The Weird Week in Writing: Clive Owen as Hemingway, turning your iPad into a typewriter, and Oprah's magazine marvel

Freaky Friday—the latest from the weird and wonderful world of
writing this week (followed, as always, by a prompt):

The Wired Luddite: Turn your $600 iPad into a typewriter for $400.

Playing Papa: Clive Owen = Hemingway? Owen is slated to play the legendary scribe in HBO’s new film about Hemingway’s relationship with writer Martha Gellhorn. (Who would you cast? I might Mickey Rourke it.)

The Bloomsday that was: This week the world celebrated the epic day featured in James Joyce’s Ulysses. (Last year, two fans even created 54 Twitter accounts for the novel’s main characters and tweeted a chapter of their lines in order.)

“I wish to assure our American friends that, for this performance, the England team will in fact be executed.” Which writer is tweeting the World Cup?

And who says print is dead? Not Oprah: She celebrated the 10th anniversary of O, The Oprah Magazine by giving everyone on staff an iPad and $10,000.

”We are not dealing with Penguin books”: Using his “thief’s shopping list,” a man allegedly stole tens of thousands of dollars worth of rare books in London.

Spawn spawns legal battle: Writer Neil Gaiman V. artist Todd McFarlane. Comics hit the courts.

(Image: Via)

* * *

WRITING PROMPT: The Dead Pool (Thanks to WD Online Community Ed. Brian A. Klems)

free to take the following prompt home or post a
response (500
words or fewer, funny, sad or stirring) in the Comments section below.
By posting, you’ll be automatically entered in our
occasional around-the-office swag drawings.
you’re having trouble with the
captcha code sticking, e-mail your piece and the prompt to me at, with “Promptly” in the subject line, and I’ll
make sure it gets up.

You and a friend break into your neighborhood swim club late one night
to go for an after-hours dip. As you splash around in the pool, a body floats to the top—and it’s someone
you know. Write this scene.


Top 101 Websites for Writers. An entire feature package on genres, from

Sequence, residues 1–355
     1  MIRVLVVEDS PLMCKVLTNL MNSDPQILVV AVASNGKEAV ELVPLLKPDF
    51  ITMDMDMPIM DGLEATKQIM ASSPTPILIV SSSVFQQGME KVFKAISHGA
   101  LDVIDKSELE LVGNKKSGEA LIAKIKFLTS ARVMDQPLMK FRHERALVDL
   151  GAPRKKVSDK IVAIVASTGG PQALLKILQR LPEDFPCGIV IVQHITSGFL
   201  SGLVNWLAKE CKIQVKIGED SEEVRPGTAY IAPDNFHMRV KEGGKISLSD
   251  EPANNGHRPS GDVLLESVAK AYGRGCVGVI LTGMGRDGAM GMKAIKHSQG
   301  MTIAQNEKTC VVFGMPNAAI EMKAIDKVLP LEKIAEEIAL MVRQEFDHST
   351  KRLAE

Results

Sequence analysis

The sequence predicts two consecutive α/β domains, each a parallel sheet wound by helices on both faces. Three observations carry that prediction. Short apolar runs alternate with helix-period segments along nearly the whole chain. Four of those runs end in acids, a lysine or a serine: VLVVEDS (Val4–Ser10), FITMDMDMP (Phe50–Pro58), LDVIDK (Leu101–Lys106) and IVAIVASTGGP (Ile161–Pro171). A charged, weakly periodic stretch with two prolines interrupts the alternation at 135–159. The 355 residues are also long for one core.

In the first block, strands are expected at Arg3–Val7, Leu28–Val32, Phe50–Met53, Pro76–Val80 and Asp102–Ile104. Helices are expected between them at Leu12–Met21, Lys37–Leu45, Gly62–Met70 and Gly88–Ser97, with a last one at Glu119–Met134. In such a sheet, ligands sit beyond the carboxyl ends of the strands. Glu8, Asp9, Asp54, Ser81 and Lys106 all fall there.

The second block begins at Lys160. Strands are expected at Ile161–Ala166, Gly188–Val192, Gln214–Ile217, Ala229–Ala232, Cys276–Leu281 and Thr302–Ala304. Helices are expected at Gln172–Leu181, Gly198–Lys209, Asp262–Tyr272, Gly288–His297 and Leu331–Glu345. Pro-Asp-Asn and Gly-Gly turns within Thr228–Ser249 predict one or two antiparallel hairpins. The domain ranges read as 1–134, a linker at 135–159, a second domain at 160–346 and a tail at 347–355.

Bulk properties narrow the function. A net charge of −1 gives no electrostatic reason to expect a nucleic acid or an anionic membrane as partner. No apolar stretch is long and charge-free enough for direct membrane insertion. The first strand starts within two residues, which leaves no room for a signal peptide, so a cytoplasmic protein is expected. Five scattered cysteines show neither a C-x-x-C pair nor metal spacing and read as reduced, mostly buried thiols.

romance to YA to blended forms. An interview with Bird by Bird scribe
Anne Lamott. How to write from anywhere. Click

here to check the May/June 2010 issue of WD out before the next issue


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2 thoughts on “The Weird Week in Writing: Clive Owen as Hemingway, turning your iPad into a typewriter, and Oprah's magazine marvel

  1. Dorraine

    Zac, this was a real challenge for me. I don’t normally write freaky stuff like this. Thanks, I think!

    And, hey, Mark. Your story gave me goosebumps. Very creepy. Well done!

    Fish Bowl

    The girl was standing against an airstream camper, head raised toward a sky blistered with stars. The moon was sharp and full, shining up her red hair. He’d seen her earlier, throwing scraps in the outside trashcan, no one else around. Wilson stopped and rolled down his window. “Hey, you wanna be my friend?”

    She sashayed over, blowing and popping a pink bubble through his open window. “How’d you know, doll?” She jumped in next to him, hair smelling like vanilla cream.

    Wilson hit the gas. He preferred more of a challenge and thought he might have chosen the wrong girl. The first one fought like a wildcat, but in the end she’d lost. They always did. Two in one night, now there was a new challenge. He couldn’t wait to see her expression when he took her to the same place, and caught her like a fish in a bowl. When they were clear of the RV park, he lit up a smoke and offered it to her.

    “What’s your name, sweetheart?”

    “Violet,” she said, taking the cigarette. She blew a smoke cloud at the roof. “And yours?”

    “Wilson. How old are you, honey?”

    “Old enough for some fun, mister. Where we headed?”

    “You like to swim?”

    Violet winked. “I don’t have my suit.”

    “Not a problem.” Edgy, he pumped up his speed and peeled around corners. If she got scared, he’d haul her right back. Another fighter is what he wanted.

    “Whoo whee!”

    Perfect response. A few yards before arriving at a neighborhood pool, tucked off by itself in a stand of pine trees, he clicked off his lights, rolling in like a silent black spider.

    Her eyes widened. “Why’d you turn your lights off?”

    Wilson put his finger to his lips and whispered, “Don’t want no one to know we’re here, now do we, love? We’ll climb the fence and have ourselves a fine little swim.”